It is being marketed as "ham on the bone" in some supermarkets.

APL refused to name the company concerned, but ABC Rural understands the product is marketed by KR Castlemaine.

APL chief executive, Andrew Spencer, says while the hams may not be breaking any labelling laws, they could be misleading Aussie consumers, and local pork producers are considering action.

"Well we are, and thinking as a consumer, if I see a piece of ham with a bone in it, I assume it's real ham on the bone, with the bone and the ham coming from the same animal," he says.

"And I don't think it's any way to treat your customers, to deceive them like that.

"It's no way to treat Australian pig producers either, because they're trying to make a dollar.

"They're trying to give Australian consumers a choice to know when they are buying Australian, to be able to say, go and buy ham on the bone, because then you will know it's Australian and this is really a bit of a cheap way around that."

KR Castlemaine strongly rejects claims that's it trying to mislead consumers with its processed hams.

Company chief executive, Mike Adams, says they're not breaking any labelling laws, and the processed hams look distinctly different from a traditional Aussie leg ham.

He doesn't think consumers will care that the meat on the ham is from Canada, while the bone could be from an Australian pig.

Mr Adams says these hams represent just three per cent of the 600,000 they'll put on the shelves this Christmas, but he does admit this is the first time imported meat has been used.

"We put the bone in it because it gives part of the flavour to the meat, and in terms of packaging and labelling, I mean, how would consumers feel, if they bought this product and then opened it up to find it had a bone inside, to find we hadn't told them there was a bone inside and thus the labelling," he says.

"There is no intention on our behalf to pretend that it's anything other than what it is.

"It's clearly labelled as what it is and it doesn't say that it's a fully cured ham and it doesn't look like your normal Christmas ham, so it's quite different in both its colour and shape.

"It's labelled as being spiral cut, it's labelled as manufactured, it's not intended to be misleading and I think, from the people's point of view, they have said that we have labelled it correctly, so what else can we do?"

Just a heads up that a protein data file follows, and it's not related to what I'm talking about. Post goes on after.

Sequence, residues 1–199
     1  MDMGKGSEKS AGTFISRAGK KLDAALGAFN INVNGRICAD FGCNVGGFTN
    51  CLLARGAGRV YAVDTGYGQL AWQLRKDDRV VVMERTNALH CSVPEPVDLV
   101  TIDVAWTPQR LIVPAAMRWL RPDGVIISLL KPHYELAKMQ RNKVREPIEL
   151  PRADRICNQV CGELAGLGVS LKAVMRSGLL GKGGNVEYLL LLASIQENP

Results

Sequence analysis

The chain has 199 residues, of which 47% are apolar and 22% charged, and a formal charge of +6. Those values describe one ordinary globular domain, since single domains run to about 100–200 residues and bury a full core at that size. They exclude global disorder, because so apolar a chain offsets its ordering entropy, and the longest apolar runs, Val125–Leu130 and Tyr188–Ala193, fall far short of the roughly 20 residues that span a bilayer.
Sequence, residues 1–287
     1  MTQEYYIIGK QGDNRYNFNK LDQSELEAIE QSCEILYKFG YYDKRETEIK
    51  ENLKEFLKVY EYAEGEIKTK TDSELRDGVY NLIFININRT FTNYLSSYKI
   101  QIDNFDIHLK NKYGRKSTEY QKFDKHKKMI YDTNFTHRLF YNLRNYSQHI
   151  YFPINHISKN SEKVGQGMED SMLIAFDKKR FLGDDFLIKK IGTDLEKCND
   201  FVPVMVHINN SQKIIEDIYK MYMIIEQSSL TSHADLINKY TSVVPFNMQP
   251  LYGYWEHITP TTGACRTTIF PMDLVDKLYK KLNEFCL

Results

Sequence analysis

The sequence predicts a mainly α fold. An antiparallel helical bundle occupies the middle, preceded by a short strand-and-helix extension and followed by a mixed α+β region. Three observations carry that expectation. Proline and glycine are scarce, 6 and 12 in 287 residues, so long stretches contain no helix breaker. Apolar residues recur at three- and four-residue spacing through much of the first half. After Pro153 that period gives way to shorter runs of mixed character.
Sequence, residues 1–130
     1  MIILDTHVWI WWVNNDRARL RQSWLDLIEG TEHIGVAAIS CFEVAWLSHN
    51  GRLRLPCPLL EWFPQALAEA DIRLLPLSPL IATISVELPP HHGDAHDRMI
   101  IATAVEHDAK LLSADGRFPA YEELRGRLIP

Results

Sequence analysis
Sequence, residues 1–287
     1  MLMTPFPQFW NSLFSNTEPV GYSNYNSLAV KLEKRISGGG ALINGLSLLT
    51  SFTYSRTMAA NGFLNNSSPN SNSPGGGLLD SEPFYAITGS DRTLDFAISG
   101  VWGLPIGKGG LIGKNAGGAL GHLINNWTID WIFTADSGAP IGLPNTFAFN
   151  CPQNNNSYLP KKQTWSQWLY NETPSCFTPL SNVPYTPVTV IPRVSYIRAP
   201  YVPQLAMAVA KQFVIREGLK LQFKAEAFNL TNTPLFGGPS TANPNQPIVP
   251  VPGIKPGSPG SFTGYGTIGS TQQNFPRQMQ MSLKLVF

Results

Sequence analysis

"I don't think that people will be that concerned about it."

Anonymous said...

Hay anon lay off already-Steve Sez-

"The ethical argument here is a no brainer which I fully get. If the labels are incorrectly stating the provenance of the ingredients-then they should be changed to comply, simple as that."

That good enough for ya?

Anonymous said...

Hi Steve, first time i have said anything actualyy--Just want to say that I don't like being dictated to on my food purchases. I like buying the ethical produce when I can afford it but most often I cant & regular meat has to suffice... I am a bit tired of hearing from people who make me feel bad because I dont buy their produce because it isn't green ticked-what about priced ticked I ask?
Annie

Anonymous said...

This issue has left me restless and unable to sleep now for a number of nights, I have just spent the last two hours a 2am writing a comment to post but it just topped three pages and I think it will bore too many people so I will keep it breif, I was also contacted by the said ABC reporter to make comment, at first I was willing but after a sleepless night and seeking advice from a respected friend that confirmed what I knew in my heart was right I have sinced declined to comment and as more has come to light over the last few days the alarm bells were right and I'm glad I did. There is more to this issue than meets the eye from every angle.
I hope you all have clean cupboards and your motivations are sound, this is a persons livings you could destroy trust me I know I've had it happen doing the right thing.
CLF

steve said...

thanks to everyone who commented. Cheers for that bit of info George-the attitude of the Castlemaine ham bloke was especially ironic!

I'v since learned that the two parties have finally spoken to each other & efforts are now being made to address the labelling issues which is a good thing for all concerned.

irate of Sandy Bay said...

I think we need a jewish perspective.

sir grumpy said...

Castlemaine riled me this week when i picked up one of their bacon packs thinking it was one of the ``bred free range''. It wasn't but you have to look closely.
I will in future.
PS I hope archaeologists don't find a Canadian ham with an ozzie bone thousands of years from now. It could rewrite history.